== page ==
‘Life Goes On’ and ‘8: Kindred Spirits (Live From the Lobero)’ Review: Still Pushing Forward
New releases from Carla Bley and Charles Lloyd find the jazz artists still inventing late into their careers.
Feb. 19, 2020 2:52 pm ET
When Carla Bley and Charles Lloyd were inducted as National Endowment for the Arts Jazz Masters in 2015, each musician spoke humbly from the podium about beginnings. Ms. Bley recalled her days as a cigarette girl at Birdland, standing close to the stage to study the brilliant concision of Count Basie, who remains her favorite pianist. Mr. Lloyd talked of lying on the lawn in front of the Memphis home of his first mentor, pianist Phineas Newborn Jr., listening to him practice music that sounded both forward-leaning and firmly grounded in “deep blues.”
Ms. Bley and Mr. Lloyd, who are both 81 years old, still channel those early inspirations. Two new releases—“Life Goes On” (ECM), from Ms. Bley’s trio, and Mr. Lloyd’s “8: Kindred Spirits (Live From the Lobero)” (Blue Note, out Feb. 28)—find each musician also pushing forward, deepening legacies that, in contrasting ways, present fascinating blends: of daring and elegance; of structural complexity and unfettered emotion; of accumulated wisdom and wide-eyed wonder. Ms. Bley built her reputation mostly as a composer and arranger, often for big bands, crafting arresting music that has either lent order to jazz’s avant-garde or stretched its mainstream to adventurous extremes. As a tenor saxophonist, flutist, composer and bandleader (he also plays alto sax and other reeds), Mr. Lloyd has crafted a version of modern jazz that is a vehicle for both wide-ranging group improvisations and the intensely personal expressions he calls “tenderness sutras.”
Ms. Bley has recently stripped her music to its essential core, focusing on her own piano playing in a stately trio with bassist Steve Swallow and saxophonist Andy Sheppard. The compositions are the real stars here. Their appealing melodies are encased within logic that comes across as surprising yet inevitable; they achieve moments of delicacy or force or humor without breaking an overall spell. That spellbinding quality is abetted by Mr. Sheppard’s pure-toned and agile playing on tenor and soprano saxophones, and by Mr. Swallow, who uses a five-string, hollow-body electric bass with nylon-wrapped strings to achieve a singular tone, both soft-spoken and direct. The two know precisely what Ms. Bley’s music needs and, just as important, what it does not. “We breathe together,” she once told me. That quality becomes palpable as “And Then One Day,” the opening suite’s final movement, winds down, Ms. Bley’s chords chiming ever more slowly while Mr. Sheppard’s phrases dissolve into air.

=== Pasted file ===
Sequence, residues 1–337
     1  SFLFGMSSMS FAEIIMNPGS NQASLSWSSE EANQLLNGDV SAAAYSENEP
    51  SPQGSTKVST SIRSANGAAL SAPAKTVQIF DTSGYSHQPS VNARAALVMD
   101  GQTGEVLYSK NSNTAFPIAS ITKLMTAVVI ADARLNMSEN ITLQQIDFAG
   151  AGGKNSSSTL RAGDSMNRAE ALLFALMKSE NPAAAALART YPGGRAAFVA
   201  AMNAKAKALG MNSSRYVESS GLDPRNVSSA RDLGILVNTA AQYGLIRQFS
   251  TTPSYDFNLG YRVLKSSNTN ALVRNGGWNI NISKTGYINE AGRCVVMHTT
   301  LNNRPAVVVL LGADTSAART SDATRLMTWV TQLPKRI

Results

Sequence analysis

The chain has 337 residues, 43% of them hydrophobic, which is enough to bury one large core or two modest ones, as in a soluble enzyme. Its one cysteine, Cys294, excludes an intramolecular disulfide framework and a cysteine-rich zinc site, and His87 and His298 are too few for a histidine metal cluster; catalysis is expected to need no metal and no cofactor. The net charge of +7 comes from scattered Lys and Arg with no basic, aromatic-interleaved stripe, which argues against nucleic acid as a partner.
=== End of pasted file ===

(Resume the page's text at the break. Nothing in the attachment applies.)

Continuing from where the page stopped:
The album’s 10 tracks form three connected suites. The first begins by tracing a 12-bar-blues. The second, “Beautiful Telephones,” states a gorgeous, if ominously harmonized, melody and, later, quotes slyly from patriotic songs including “The Star-Spangled Banner” (embedded political statements are one of Ms. Bley’s tropes). The final suite, “Copycat,” begins like a ballad and then develops into a call-and-response that sounds halfway between chamber-music fugue and small-group jazz. That’s where this spare yet remarkably full music lives.
If Ms. Bley whittles things down, Mr. Lloyd keeps building them up. He’s long been a magnet for brilliant jazz players (counting just pianists, his bands have included Keith Jarrett, Michel Petrucciani, Geri Allen and Jason Moran ) as well as for musicians from a wider sphere (he has collaborated recently with Greek singer Maria Farantouri, Indian tabla master Zakir Hussain and singer-songwriter Lucinda Williams ). “8: Kindred Spirits (Live From the Lobero)” documents a 2018 80th-birthday concert at Mr. Lloyd’s hometown venue, Santa Barbara’s Lobero Theatre. Mr. Lloyd led a quintet with guitarist Julian Lage, pianist Gerald Clayton, bassist Reuben Rogers and drummer Eric Harland for the first half; after intermission, on came organist (and fellow Memphis hero) Booker T. Jones, along with bassist (and Blue Note label president) Don Was.
This exuberant event gets an extravagant package: a limited-edition boxed set (three LPs, two CDs, a DVD of the full performance, and a 96-page book with stunning archival photography created by photographer and filmmaker Dorothy Darr, who is Mr. Lloyd’s wife). The standard CD/LP versions contain just the concert’s first half, which nonetheless forms a satisfyingly complete statement from an octogenarian master, sounding vital as ever, distilling still further the clarity of his music. The quintet begins with “Dream Weaver,” the title track of a 1966 album from Mr. Lloyd’s first great quartet, and ends with “Part 5, Ruminations,” recorded by another stunning Lloyd quartet 51 years later. However, this is no summary statement; within just that latter composition, Mr. Lloyd solos twice, each time as if treading new ground. After intermission, Mr. Rogers moves from acoustic to electric bass. Mr. Jones settles in behind the organ; he and Mr. Lloyd had never played together before, but they find instant communion on the hymn “Abide With Me” and an easily shared, deeply funky groove on Mr. Jones’s signature hit, “Green Onions.” Such is the way with kindred spirits.
—Mr. Blumenfeld writes about jazz and Afro-Latin music for the Journal.
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